Fixed-Rate Mortgage Weaknesses

    Higher Interest Rate And APR

    The static interest rate on a fixed mortgage comes with an important drawback: lenders usually charge higher interest rates compared to the introductory rates of an ARM. If you qualify for a loan during a period of high mortgage rates, you’ll be paying much more money for the entire loan term.

    Few Options Reducing Your Interest Rates

    Another caveat of fixed interest rates is that once you qualify for the loan, it cannot be changed. If interest rates fall dramatically once you have your current mortgage, you won’t be able to take advantage of the rate drop.

    However, you can work around this by applying for a refinance. When you refinance loans, you replace your current mortgage with a new one that features a lower interest rate.

    Adjustable-Rate Mortgage

    The second major type of loan is an adjustable-rate mortgage (ARM). These loans are slightly more complicated compared to fixed mortgages because their rates will change periodically. Most ARMs feature a certain introductory period featuring fixed interest rates before the adjustable phase starts. 

    The length of an ARM’s introductory period and adjustment frequency is usually expressed in its title. For instance, a 5/1 ARM means that you’ll have a five-year period of fixed interest rates at the beginning of the loan. Once the five years have passed, your loan’s interest rate will be adjusted annually.

    To prevent your mortgage rates from fluctuating wildly, lenders usually apply caps on your ARM. These caps limit the fluctuation of your interest rate and how much you need to pay per month. 

    Adjustable-Rate Mortgage Strengths

    More Affordable Initial Rates

    An ARM features highly competitive rates in its introductory fixed-rate period. If you apply for a 5/1 ARM, this means that you’ll get five years of predictable payments at an affordable amount. You can take advantage of this period of low-interest payments to save up and prepare for the less-predictable period of adjustable rates afterward.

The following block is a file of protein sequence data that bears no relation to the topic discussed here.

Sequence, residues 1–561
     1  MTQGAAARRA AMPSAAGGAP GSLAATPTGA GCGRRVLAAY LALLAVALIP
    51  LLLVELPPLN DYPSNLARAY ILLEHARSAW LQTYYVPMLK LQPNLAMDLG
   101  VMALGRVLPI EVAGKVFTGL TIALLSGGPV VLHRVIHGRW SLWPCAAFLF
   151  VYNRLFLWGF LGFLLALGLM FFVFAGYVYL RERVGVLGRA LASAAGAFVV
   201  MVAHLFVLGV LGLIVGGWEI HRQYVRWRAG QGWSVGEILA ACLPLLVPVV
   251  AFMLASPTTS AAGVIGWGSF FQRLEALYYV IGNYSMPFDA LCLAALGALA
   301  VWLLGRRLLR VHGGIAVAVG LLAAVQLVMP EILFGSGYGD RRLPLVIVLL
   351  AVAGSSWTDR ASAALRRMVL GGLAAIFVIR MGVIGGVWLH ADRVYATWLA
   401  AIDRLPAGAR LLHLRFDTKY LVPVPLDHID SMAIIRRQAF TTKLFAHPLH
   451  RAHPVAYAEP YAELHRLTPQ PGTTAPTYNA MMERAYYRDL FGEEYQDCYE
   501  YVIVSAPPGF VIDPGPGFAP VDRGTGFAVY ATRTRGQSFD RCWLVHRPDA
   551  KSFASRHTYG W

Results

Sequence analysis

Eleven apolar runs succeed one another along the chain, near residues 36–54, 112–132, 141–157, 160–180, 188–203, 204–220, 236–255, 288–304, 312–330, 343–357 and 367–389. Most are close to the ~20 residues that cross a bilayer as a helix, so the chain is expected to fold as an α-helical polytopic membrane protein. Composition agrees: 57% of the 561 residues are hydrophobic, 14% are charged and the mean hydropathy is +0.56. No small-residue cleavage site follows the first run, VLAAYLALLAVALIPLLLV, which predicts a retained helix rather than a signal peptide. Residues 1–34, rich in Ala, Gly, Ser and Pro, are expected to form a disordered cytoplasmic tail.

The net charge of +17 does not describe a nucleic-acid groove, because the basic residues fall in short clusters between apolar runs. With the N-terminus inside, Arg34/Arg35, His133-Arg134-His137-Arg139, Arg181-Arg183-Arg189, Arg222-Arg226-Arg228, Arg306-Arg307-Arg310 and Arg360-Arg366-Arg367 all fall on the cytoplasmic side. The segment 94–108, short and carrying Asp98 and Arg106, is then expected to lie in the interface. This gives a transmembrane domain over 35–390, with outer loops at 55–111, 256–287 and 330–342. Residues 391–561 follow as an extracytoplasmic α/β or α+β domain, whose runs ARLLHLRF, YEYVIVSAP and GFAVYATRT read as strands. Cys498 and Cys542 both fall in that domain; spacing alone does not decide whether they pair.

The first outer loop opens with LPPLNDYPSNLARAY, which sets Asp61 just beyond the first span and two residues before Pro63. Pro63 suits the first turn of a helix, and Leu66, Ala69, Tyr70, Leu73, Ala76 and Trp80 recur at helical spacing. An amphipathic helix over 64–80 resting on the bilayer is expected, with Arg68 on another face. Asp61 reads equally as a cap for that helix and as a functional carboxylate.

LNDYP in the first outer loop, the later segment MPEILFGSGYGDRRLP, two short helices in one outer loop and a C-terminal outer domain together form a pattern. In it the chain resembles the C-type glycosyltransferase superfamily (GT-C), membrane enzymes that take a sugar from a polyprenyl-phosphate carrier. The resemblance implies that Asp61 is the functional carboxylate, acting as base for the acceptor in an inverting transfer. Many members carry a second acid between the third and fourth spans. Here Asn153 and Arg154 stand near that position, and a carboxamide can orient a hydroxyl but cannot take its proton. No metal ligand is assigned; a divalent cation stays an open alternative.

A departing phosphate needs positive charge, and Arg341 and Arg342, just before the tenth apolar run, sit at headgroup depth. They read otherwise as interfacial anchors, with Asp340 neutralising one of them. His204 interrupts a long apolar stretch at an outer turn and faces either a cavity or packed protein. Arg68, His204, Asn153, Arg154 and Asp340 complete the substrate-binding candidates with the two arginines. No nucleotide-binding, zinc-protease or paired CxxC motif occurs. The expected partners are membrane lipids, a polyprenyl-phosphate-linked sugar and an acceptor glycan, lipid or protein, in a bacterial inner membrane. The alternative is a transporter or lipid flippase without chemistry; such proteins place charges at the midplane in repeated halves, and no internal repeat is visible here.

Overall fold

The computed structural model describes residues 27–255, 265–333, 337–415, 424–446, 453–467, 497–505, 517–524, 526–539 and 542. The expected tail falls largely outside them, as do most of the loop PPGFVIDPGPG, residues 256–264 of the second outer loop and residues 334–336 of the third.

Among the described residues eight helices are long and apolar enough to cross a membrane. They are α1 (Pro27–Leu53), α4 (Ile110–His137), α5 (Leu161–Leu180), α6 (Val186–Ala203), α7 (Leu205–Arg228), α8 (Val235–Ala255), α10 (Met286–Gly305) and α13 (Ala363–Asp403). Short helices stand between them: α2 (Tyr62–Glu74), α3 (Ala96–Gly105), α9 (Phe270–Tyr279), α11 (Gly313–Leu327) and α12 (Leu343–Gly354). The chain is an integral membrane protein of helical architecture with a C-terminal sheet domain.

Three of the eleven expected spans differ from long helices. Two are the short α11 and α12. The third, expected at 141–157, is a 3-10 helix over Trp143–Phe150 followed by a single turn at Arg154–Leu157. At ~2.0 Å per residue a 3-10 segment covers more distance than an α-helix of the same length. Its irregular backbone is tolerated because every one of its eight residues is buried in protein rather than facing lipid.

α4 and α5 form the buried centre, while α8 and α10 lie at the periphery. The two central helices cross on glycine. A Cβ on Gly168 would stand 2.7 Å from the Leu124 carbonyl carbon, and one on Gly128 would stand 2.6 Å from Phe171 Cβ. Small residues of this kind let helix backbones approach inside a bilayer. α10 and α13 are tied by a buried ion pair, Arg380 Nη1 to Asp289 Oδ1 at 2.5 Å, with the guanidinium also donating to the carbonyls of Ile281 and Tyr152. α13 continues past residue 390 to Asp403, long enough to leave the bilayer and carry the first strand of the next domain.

Chance To Get Lower Rates

    Because an ARM’s rate highly depends on an index, you may experience lower interest rates if the index is driven down. If your rates are adjusted to be lower, you’ll also be charged less on your monthly payment until the rate readjusts next year.

    Adjustable-Rate Mortgage Weaknesses

    Interest Rates May Increase 

    Conversely, if the index moves up, your mortgage rate may increase. While caps may stop your rates from increasing to unaffordable levels, you’ll still need to pay more expensive monthly installments. Without proper budgeting and planning, this may land you in a financial bind.

    Risk Of Negative Amortization

    While caps are meant to protect you from paying too much, it also poses a risk to you. If the mortgage rate increase causes your monthly payment value to go over the cap, you may be paying less than you should be paying per month. By paying less than what you owe per month, you’ll experience negative amortization, which means that your loan balance will increase.

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    What Type Of Mortgage Is Best For Me? 

    Different plans require different mortgages. In this section, we’ll break down three common mortgage options and the circumstances in which they’ll work best.

    30-Year Fixed-Rate Mortgages

    A 30-year fixed-rate mortgage is best if you’re looking to find the cheapest monthly payments. Because the loan payments are spread over 30 years, you’ll be able to save in the short term and have enough in your budget to pay for other expenses without stretching your finances too thin.

    You’ll get the best value out of a 30-year fixed-rate loan if you plan to stay in the house for the long term, especially if you’ve locked in low rates when you qualify for the loan.

    15-Year Fixed-Rate Mortgages

    Similar to a 30-year fixed loan, a 15-year fixed-rate loan also features consistent monthly payments. However, because the loan term is halved, you’ll be paying higher monthly installments if you opt for a 15-year loan. Therefore, taking on this shorter term will allow you to pay off the loan quicker and pay less on interest. Lenders also typically impose lower rates on a 15-year loan.

    Adjustable-Rate Mortgages

    Because of an ARM’s volatility, these loans are best used if you want to stay in the house for the short term. You can enjoy the cheaper rates during the introductory period, and then sell the house or refinance the loan before the rates start to adjust. 

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    Alternatives To Conventional Loans 

    While conventional loans are the most popular choice for home financing, there are several government-backed loan options that you can consider. These loans typically feature more affordable rates, lower credit score requirements, as well as lower down payments.